Keeping accurate records

The CoW is responsible for keeping accurate records of all construction activities, including inspection reports, test results, and any deviations from the plans and specifications. These records are used to ensure that the work is completed to the required standards and to provide a record of the project for future reference.

Communicating with the client

The CoW acts as a liaison between the client and the contractor and is responsible for communicating any issues or concerns that arise during construction. This includes providing regular updates on construction progress, as well as addressing any issues or concerns that the client may have.

Acting as an expert witness

In the event of a dispute or legal action, the CoW may be called upon to act as an expert witness to provide testimony on the construction process and the quality of the work.

Conclusion

In conclusion, Clerk of Works plays a vital role in ensuring that the construction projects are built according to the plans, specifications, and contract documents. Furthermore, they ensure safety and quality standards are adhered too, while also representing client’s interests. They are responsible for monitoring progress, inspecting materials, keeping accurate records, and communicating with all stakeholders involved in the project. Speak to John Burke Associates today about our Clerks of Works Site Quality Inspection Services.

Work-Related Stress Management

work related stress

Work-Related Stress Management

The Health and Safety Executive (HSE) recently published the 2021/22 health and safety statistics. Concerningly, the statistics show that 914000 workers are suffering from work related stress, depression, or anxiety. As leaders we must be proactive in approaching such matters with our employees. In this month’s blog we have put together our top tips for maintaining employee mental health wellbeing.

Why is it important to manage workplace stress?

In addition to your duty of care towards your workers, any stress in construction is a matter of health and safety. Construction workers will often risk their health and safety more so than in any other job. From operating heavy machinery to handling potentially hazardous substances. The physical demand of such role is alone a risk to health and wellbeing. Therefore, it is imperative they can carry out their tasks with a clear mind, focusing on their actions. If workers are feeling stressed or distracted whilst carrying out such tasks the risks increase greatly.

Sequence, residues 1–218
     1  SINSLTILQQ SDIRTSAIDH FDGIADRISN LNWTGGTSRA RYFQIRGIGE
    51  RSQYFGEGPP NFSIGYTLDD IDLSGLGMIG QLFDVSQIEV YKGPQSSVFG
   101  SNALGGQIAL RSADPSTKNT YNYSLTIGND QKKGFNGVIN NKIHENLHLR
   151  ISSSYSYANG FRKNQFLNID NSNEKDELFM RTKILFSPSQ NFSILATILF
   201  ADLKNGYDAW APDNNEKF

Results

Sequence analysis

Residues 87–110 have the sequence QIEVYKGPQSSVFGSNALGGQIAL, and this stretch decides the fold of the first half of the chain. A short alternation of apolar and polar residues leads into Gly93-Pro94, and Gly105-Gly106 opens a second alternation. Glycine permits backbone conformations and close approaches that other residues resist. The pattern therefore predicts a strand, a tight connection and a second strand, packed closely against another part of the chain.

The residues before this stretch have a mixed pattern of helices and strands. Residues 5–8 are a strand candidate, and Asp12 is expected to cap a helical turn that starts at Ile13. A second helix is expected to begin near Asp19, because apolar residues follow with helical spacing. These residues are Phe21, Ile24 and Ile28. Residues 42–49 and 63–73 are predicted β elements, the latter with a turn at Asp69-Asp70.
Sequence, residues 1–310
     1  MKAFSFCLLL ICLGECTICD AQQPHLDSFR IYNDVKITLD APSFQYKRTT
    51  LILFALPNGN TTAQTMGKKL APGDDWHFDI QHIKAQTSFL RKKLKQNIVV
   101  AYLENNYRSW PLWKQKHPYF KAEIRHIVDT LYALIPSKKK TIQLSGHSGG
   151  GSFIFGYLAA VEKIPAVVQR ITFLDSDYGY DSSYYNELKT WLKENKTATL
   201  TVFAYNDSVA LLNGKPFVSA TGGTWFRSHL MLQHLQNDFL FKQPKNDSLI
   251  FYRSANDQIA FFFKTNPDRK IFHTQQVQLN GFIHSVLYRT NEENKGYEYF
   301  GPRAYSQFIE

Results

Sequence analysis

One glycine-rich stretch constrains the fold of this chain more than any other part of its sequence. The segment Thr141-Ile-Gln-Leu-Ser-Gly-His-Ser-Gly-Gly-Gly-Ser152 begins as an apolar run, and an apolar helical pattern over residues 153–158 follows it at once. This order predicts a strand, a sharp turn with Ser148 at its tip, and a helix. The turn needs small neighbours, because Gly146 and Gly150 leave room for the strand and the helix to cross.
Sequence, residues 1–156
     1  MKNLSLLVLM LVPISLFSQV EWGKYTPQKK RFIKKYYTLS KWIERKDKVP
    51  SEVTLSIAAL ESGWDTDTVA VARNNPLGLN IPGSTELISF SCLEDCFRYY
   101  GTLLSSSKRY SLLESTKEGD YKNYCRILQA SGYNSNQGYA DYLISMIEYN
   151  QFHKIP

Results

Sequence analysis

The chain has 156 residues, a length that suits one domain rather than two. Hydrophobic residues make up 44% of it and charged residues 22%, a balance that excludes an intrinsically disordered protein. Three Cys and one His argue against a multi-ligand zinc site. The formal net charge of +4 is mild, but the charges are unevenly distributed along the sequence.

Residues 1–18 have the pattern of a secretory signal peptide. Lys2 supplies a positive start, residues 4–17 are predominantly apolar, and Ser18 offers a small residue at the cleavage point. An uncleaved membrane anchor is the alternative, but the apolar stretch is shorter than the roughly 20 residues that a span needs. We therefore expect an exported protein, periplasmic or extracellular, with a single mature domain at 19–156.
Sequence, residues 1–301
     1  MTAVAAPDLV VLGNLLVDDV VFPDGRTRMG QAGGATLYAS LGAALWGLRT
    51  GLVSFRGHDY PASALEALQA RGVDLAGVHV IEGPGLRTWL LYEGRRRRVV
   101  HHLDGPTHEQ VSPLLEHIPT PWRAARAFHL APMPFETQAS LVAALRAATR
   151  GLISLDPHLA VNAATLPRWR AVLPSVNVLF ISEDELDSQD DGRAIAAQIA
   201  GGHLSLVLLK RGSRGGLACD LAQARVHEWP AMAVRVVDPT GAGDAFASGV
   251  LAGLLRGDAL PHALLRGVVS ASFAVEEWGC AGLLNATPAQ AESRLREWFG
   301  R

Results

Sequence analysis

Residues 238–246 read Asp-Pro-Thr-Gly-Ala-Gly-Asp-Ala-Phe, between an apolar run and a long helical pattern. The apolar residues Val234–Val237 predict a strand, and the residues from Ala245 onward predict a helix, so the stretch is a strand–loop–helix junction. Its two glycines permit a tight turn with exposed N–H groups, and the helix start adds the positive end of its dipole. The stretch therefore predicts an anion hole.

What can leaders do to help?

Open lines of communication

You should encourage all workers to speak up when they are feeling unhappy about work. Ensure that you listen and take on board what your workers tell you, no matter how trivial it may seem. Dismissing smaller issues means there is potential for it to become a much bigger issue. Furthermore, it can leave your staff feeling undervalued, unimportant and, in some cases, hopeless.

Heed the Warning Signs

As managers we should be looking out for any warning signs that workers wellbeing is at risk. This could be little things such as seeming more tired or irritable. Or it could be more obvious such as clashing with other workers on site. All of which are warning signs that your worker is struggling and may need your help to cope with stress.

Promote Wellbeing

It is always beneficial to invest in employee wellness, be it perks such as gym memberships or simply providing healthy refreshments. Promoting a healthy lifestyle will contribute to the overall health and wellbeing of your staff.

CDM 2015 Health & Safety Advisory

John Burke Associates offer CDM 2015 Health & Safety Advisory services as part of our portfolio. This includes involvement with clients and Principal Designers at all stages to make a significant contribution to reducing risks during construction. Speak to our team today to find out more.

 

HSE Work Right | Your Health | Your Future

health and safety

Late last month, Health and Safety Executive (HSE) launched their new campaign to combat serious aches, pains, and strains in construction. Many of us working in the construction industry have suffered with some form of workplace injury in our career. In fact, over 40,000 construction workers suffer with injuries to their muscles, bones, joints and nerves. While many organisations focus on avoiding major injuries, it’s these seemingly minor injuries affecting the industry on a major scale.